By this time, I’d met Fiona Mitchell with a like-minded group of Twitter writers. She recommended her editor to me, Sara Sarre at the Blue Pencil Agency. I decided to send her my first novel. I received a comprehensive report and although there was still a lot to do, she was excited by my work. I sent her my second novel, which she loved – it made her cry. She thought it was ready to go out, but wanted to hear more about my third novel, which I’d already teased her about. I pitched it to her over the phone and I think she gasped! I spent the next month frantically typing it up, even during my family summer holiday.
A month later, I won a pitch competition to meet author Amanda Reynolds and Kate Stephenson, senior commissioning editor at Wildfire Books. The team were excited about my novel.
A few weeks later, in September last year, I arrived at the Festival of Writing knowing I was on the shortlist for Best Opening Chapter. I could barely take it in when I won. I was also runner-up in the Perfect Pitch competition. I now had several agents asking to see my novel. I thought this could be it, but rejection after rejection came in. I wasn’t clear what was wrong.
In January this year, I was long listed for the Caledonia Novel Award. Again more agent interest, one asked to see a rewrite. From the generous feedback I received from the founder of the award, Wendy Bough, as well as from Fiona Mitchell, I decided to edit my novel again. In April, my novel was long listed for the Lucy Cavendish Novel Prize. I was astonished, partly because this was the ‘old’ version.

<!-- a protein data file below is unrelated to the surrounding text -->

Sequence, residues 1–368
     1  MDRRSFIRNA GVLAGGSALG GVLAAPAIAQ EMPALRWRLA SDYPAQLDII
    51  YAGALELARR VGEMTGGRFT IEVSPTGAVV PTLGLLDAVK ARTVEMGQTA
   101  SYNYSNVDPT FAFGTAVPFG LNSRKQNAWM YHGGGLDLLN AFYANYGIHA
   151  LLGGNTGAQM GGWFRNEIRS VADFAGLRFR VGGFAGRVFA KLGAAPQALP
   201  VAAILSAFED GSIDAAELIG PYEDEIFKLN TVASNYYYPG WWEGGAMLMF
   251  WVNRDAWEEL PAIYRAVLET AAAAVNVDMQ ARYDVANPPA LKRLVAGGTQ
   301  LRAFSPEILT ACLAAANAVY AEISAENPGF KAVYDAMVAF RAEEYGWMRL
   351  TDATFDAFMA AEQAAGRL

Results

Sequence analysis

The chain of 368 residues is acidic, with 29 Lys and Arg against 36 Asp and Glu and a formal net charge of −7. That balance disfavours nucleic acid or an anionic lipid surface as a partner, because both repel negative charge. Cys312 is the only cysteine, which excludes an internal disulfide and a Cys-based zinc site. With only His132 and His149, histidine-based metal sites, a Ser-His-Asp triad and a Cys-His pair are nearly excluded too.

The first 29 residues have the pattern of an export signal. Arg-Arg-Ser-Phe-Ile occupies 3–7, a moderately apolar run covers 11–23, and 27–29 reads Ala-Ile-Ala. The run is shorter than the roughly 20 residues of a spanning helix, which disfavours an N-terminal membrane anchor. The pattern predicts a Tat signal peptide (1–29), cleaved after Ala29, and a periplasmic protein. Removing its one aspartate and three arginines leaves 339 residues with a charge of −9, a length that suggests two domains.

Once I was happier with the first few chapters, I sent them out to the agents who were considering my full manuscript. One came straight back to me – Jo Bell. She’d just finished reading the full and was about to get in touch with me because she’d really enjoyed it. She read the new chapters quickly and contacted me again asking to meet.
When I met Jo and her assistant Sophie in London, I felt comfortable with them straight away. I was impressed with how much detail they both knew about my story. We discussed the changes I was making, which they agreed would improve it. I told them my edits should be finished by the end of May. Jo had already read my first novel the year before and was now keen to hear about my second novel, which I hadn’t sent to anyone else since the final edit. Jo’s excitement about my novels was tangible. I’d finally met an agent who really understood my work.
Two weeks later, Jo emailed to say she loved my second novel, possibly more than the third! I had to read her words a few times to take them in. She asked if she could call me on Monday morning. My closest writing friends told me that ‘this was it’, but I couldn’t let myself fully believe that.
When Jo called and offered to represent me, I’d already made up my mind to accept. A week later and it’s still sinking in. I feel a bit sad not being able to enter the next batch of competitions because I’m not allowed to – I have an agent. It’s just hit me, writing those words! But I’m excited for this chance to get my books out into the world and for the next phase of my writing life to begin”